With Payless Cashways stores doing business in the Midwest, Southwest, Pacific Coast and Rocky Mountain regions, the consultants recommended Ahern Rentals as the ideal candidate with the size, geographic spread and expertise to be Payless Cashways' partner on the rental side.

Ahern Rentals established its first department in October 2000 in Las Vegas, closing a nearby facility and moving the inventory into a 1,500-square-foot area close to the front of a Payless store. The rental department also has 2,000 square feet beneath an outside canopy along with an additional 6,000 square feet of yard space. A customer can walk through the outdoor area and enter the building right next to the rental department. Customers entering through the front door immediately see a large sign that directs them toward the rental department, which is plainly visible from the front entrance.

The Ahern Rentals design team set up an orange entryway designed to look like the gate of a ranch. “This concept was to have an industrial feel using steel but to look like a ranch and have a welcoming feeling when you walk in,” Ahern says.

Ahern put together a special team of employees to build rental departments in various Payless Cashways stores. Ahern Rentals has its own construction department with a contractor's license that handles all company needs. That department includes a carpenter, concrete experts, electricians, plumbers and laborers. Ahern's brother and co-owner, Paul, a retired architect, designs the departments. Ahern's “Payless team” visits each store to prepare the department physically, and the Ahern Rentals purchasing department buys the equipment, supplies and parts needed to run it. The company recently bought a specially designed trailer for shipping all the ingredients of a new department to each new facility. Ahern's training department develops staff especially for work in the new rental departments.

Ahern Rentals began a cooperative cross-promotional effort with its new Payless Cashways partners almost immediately upon entering into the arrangement. Each has a dozen salespeople in the Las Vegas area promoting one another's business. “We're putting out fliers saying, ‘Meet our new friends at Payless,’ trying to promote their business, introducing our customers to them,” Ahern says. “They have their sales force doing the same thing.”

Ahern has noticed the natural synergies that exist between the two businesses. “We've been amazed at how many of our customers come and buy materials here at Payless,” Ahern says. “I've seen a lot of people in here that come in to our places to rent.”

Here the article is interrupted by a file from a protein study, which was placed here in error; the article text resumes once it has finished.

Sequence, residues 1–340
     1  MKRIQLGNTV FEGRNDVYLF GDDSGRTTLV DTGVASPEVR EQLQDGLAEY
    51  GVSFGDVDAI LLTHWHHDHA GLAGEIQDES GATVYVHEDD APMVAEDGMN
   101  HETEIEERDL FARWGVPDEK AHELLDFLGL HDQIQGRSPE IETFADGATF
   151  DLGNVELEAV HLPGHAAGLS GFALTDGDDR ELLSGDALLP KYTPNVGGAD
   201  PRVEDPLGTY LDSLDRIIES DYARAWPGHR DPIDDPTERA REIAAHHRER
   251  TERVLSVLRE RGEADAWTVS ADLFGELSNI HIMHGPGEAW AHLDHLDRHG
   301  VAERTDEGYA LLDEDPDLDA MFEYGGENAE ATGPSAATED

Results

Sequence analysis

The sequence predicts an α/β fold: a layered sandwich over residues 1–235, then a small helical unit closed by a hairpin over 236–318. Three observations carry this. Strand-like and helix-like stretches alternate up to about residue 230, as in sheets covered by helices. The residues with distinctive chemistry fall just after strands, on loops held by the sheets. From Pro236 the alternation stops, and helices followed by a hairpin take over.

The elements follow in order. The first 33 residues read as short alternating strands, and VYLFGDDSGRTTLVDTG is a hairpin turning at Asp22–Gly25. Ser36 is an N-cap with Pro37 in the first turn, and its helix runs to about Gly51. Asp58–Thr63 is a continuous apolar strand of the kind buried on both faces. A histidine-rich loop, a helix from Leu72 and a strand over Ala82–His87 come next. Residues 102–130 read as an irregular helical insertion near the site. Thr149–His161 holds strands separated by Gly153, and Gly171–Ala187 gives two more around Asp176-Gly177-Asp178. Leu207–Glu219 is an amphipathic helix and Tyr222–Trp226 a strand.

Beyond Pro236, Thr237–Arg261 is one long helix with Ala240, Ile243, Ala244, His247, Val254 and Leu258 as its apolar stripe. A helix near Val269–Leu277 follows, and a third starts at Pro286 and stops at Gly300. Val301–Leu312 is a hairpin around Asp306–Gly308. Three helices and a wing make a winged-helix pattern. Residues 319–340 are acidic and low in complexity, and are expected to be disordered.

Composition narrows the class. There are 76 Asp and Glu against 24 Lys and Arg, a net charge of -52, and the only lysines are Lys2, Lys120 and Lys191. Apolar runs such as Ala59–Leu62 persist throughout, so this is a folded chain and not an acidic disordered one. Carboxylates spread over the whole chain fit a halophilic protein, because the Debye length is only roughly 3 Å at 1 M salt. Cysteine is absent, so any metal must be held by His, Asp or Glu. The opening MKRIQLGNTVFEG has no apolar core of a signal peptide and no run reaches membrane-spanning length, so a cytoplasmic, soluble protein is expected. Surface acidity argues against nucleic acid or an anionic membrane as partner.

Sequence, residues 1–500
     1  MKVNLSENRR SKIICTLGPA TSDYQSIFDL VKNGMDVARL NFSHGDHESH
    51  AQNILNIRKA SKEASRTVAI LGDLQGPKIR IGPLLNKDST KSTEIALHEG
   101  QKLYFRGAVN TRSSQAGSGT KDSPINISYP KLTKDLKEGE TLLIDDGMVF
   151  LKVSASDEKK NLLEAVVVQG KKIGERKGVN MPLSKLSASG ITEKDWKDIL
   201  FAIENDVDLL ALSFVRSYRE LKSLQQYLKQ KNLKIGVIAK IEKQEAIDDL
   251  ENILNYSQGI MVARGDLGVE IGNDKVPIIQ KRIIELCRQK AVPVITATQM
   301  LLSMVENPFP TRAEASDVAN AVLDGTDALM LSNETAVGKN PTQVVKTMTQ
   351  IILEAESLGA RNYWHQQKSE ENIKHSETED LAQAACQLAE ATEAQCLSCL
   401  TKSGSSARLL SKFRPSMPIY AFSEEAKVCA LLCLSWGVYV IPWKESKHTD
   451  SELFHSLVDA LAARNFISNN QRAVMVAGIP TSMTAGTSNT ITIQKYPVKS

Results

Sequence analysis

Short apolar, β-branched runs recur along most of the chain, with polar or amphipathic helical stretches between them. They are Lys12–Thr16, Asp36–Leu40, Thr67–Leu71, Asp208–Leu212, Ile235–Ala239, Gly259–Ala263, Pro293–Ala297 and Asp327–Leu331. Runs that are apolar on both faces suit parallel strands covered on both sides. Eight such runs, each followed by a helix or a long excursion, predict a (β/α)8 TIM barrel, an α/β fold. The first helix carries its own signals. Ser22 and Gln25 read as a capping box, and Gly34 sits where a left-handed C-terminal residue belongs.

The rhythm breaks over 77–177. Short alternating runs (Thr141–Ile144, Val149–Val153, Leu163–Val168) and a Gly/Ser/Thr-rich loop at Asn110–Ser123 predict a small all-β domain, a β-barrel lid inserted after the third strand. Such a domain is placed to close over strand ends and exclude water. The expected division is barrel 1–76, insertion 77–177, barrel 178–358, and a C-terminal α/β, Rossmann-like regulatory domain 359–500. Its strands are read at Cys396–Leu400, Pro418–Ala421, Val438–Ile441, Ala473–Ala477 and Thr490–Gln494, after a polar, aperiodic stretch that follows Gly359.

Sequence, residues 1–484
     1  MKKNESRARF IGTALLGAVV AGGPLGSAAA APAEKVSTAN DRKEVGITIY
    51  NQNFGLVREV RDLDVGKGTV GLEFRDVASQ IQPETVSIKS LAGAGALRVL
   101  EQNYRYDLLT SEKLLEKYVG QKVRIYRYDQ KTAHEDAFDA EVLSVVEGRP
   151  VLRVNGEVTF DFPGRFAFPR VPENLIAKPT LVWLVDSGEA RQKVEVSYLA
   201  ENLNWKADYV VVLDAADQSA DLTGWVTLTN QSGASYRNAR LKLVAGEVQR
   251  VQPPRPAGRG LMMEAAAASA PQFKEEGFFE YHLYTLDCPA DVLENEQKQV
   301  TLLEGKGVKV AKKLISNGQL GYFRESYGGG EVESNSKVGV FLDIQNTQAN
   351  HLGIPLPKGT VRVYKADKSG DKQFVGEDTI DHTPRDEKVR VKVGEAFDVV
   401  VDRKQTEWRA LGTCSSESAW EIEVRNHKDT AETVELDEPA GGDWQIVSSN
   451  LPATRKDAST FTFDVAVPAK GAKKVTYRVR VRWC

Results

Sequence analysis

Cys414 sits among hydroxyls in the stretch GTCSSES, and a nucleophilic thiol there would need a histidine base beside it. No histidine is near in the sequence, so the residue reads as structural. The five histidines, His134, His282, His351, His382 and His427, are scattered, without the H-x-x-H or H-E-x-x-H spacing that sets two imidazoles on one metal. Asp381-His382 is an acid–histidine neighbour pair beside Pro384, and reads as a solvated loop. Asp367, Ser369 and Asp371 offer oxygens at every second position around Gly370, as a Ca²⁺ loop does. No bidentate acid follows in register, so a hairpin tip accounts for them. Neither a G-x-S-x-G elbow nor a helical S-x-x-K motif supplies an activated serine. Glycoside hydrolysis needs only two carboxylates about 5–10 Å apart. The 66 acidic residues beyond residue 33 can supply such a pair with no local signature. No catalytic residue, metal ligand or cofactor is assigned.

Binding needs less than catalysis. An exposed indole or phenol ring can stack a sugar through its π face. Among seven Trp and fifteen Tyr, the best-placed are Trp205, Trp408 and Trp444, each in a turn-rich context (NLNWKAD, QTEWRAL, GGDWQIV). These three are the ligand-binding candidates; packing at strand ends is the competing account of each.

Payless Cashways customers find a lot of tools, but they're less heavy-duty than Ahern's inventory. Ahern also handles specialized items such as carpet stretchers that normally wouldn't be sold at Payless stores. The Ahern inventory goes as large as 37-foot booms and 25-foot scissor lifts, skid-steer loaders, mini-excavators and small backhoes.

The Ahern staff does minor maintenance on site, unlike Stephenson's departments, but sends most of its equipment to service facilities in what Ahern calls “mother stores” — larger, stand-alone rental centers. Ahern will establish departments only in areas where a “mother store” is within a short drive. He plans to establish mother stores this year in a couple of cities where Payless wants to put a department but Ahern Rentals has no branch established.

The size, style and contractor orientation of Payless Cashways stores appears to fit well with Ahern Rentals. “Payless doesn't really subscribe to the big-box theory,” Ahern says. “They have a lot of outside space, so we'll be able to inventory more items than a Home Depot can. Home Depot typically has about 2,000 square feet. We're looking at as much as 20,000, more like a lumber store.”

Payless Cashways has about 150 stores and, Ahern says, about 100 of them are candidates for Ahern Rentals. His goal is to establish about 17 departments during the next two to three years. Ahern hopes to open his second and third departments in Reno, Nev., and Denver this month and expects that by later this year the company will add departments at a rate of about one a month.

Initially skeptical about the project, Don Ahern is now an enthusiastic proponent.

Although not quite what it ultimately needs to be, volume has been steady during the program's first three months, averaging more than 25 contracts per day during the winter season, which is traditionally slower than the rest of the year. Ahern is especially hopeful about the program because about half of the rentals have gone to customers who hadn't done business with Ahern Rentals.

“Rental is going to become a part of a lot of other people's business,” he says. “It will evolve to become more than just stand-alone rental centers. I'm glad they made us a part of that evolution.”

Michael Roth can be reached at [email protected]


Rental company: Ahern Rentals

Partner: Payless Cashways

Location: Las Vegas

Coming soon: Reno, Nev.; Denver